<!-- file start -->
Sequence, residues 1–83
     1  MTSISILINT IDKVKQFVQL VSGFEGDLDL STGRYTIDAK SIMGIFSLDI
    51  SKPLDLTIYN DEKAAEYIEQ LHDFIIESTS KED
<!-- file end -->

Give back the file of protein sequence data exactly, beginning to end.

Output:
Sequence, residues 1–83
     1  MTSISILINT IDKVKQFVQL VSGFEGDLDL STGRYTIDAK SIMGIFSLDI
    51  SKPLDLTIYN DEKAAEYIEQ LHDFIIESTS KED